Your kids have known how to tell time since elementary school. But even with this background, as teens, they are late, don’t get chores completed, and may turn in assignments late to school. Time management is more than just knowing how to read a clock. It’s a struggle for teens to know what to do and how to get things done with time management.
According to Psychology Today, time management is just one of the four most critical areas for teens today. With the level of brain development, teens are not fully equipped for time management. Because brain development continues into the twenties, teens benefit from our coaching them with time management through high school and college. Teens are unsure of what to do first, how long it will take to complete, and how to get started. Teen time management includes coaching in prioritizing, initiation and procrastination, and duration of a task or project.
What’s important and should be done first? That’s a question not only teens struggle with. Parents don’t always agree on this between themselves. How do we know what’s most important? It can be a matter of focus for all of us. However, you can help your child make these decisions by helping them process what needs to be done.
- Encourage your teen to write down their priorities. For most kids that includes school grades, friends, church, and activities. If there are too many priorities, too many sports, or too many extracurricular activities, you can coach them to understand just how much time it takes for each activity.
- Grid out with your kids the time available and where their priorities fit on the grid. Time blocking works well because kids can see what they have to do and when they will be doing it. That includes time for self care like sleep too. Using a paper or digital planner makes time more visual.
- Set aside time to plan. Weekly planning time with their planner each Sunday or Monday gives your teen time to acknowledge everything that is on their plate and also record due dates. With so much information coming in by text and social media, they need time to consolidate it all in one place.
Initiation and Procrastination
Getting started on a task can be the hardest part of any project. Also known as initiation, those with executive function challenges find planning engaging but getting started more difficult. Procrastination can be from fear, lack of skill, or lack of motivation.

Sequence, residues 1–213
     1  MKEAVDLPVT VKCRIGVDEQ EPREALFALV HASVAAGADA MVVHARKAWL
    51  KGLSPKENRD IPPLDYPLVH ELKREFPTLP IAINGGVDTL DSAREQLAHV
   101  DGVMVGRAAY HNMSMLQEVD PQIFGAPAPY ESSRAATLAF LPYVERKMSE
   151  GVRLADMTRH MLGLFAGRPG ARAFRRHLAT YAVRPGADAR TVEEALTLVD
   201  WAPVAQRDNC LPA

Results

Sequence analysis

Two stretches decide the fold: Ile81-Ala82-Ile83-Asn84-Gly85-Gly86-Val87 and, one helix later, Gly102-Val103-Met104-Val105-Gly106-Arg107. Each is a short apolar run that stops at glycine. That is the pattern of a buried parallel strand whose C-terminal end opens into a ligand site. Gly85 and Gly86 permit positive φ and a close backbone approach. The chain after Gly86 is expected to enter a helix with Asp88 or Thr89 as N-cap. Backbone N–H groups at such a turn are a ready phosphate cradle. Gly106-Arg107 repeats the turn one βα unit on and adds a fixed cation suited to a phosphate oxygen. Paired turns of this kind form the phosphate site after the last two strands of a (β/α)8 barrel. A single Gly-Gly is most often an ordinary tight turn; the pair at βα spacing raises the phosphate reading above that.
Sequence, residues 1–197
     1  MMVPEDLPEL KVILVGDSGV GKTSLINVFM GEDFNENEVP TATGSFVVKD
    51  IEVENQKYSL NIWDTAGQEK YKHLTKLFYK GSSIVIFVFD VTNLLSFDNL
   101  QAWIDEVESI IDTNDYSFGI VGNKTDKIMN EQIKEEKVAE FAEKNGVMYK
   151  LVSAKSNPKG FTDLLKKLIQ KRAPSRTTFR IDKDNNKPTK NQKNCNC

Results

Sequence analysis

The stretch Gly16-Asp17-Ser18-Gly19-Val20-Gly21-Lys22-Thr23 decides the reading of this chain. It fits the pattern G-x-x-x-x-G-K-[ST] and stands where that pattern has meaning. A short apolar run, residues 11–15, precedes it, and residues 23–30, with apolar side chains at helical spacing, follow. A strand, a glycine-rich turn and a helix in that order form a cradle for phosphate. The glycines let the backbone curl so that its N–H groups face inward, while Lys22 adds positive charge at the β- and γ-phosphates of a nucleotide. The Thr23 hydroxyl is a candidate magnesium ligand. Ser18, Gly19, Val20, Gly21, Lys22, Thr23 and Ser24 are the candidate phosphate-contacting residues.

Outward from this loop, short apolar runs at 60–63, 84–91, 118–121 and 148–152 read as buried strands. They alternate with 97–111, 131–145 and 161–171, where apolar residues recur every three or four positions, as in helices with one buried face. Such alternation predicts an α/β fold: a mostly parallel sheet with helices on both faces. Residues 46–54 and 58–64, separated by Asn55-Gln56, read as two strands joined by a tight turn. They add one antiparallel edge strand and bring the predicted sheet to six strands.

- Plan an initiation strategy. For many, the “warm-up” to the project is gathering the materials, reviewing the instructions, or checking online with others in the class. Creating your own “warm-up” strategy will help for all upcoming assignments.
- Make it fun to get started. Find an innovative way to start a project. You can add in technology or a gadget, work with a partner, or create a new perspective on the project.
- Schedule the time to start a project. At that time, use a timer, set for 15 minutes, to help you get started.
- Brainstorm the costs of procrastination. What’s at stake? What will happen? What are the consequences of not getting started soon enough? Coach your student through this process to verbalize the costs.
- Set up a compelling, organized environment. A clear workspace, quiet or white noise, and easy to access school supplies make it easier to get started.
We don’t know how long it takes to get a specific task done. But we do know that we can guess and set a time on our calendar to get a task done.
- Help your teen create routines that take just 5 minutes. Making their bed, placing laundry in the basket, and putting trash away are 3 small tasks that take less than 5 minutes altogether. Your teen might think these take much longer. Write out routines with only 3 steps so that your teen isn’t overwhelmed.
- Create more time awareness with more analog clocks. Clocks should be in all your spaces to be sure you are gauging your time.
- Your teen can set a timer when they start a task. Clocking the time will help them know how long a task takes.
- Break big projects or tasks into baby steps. Map out small sections of a project, and assign a time and date to accomplish them. Nothing seems as overwhelming when it’s broken into smaller chunks.
Building in transition time helps your teen be on time. That is the time that is between activities and moving from place to place. Your teen may not allow enough time to get ready, get to school, or clock in for a job. Coach your teen on how much time it takes to drive from home to school, then set use a timer to realistically learn the amount of time it takes. Having sufficient transit time helps your tee feel more confident and less stressed.
Tools for time management
On your smartphone
- Clock with timer for getting started and timing how long a task takes
- Pandora playlist for organizing or homework time
- Notes for making lists
- Reminders and more tech
It takes practice, practice, and practice to learn the skills of time management. Don’t get impatient with your teen about how long it takes. Every experience is a learning opportunity here.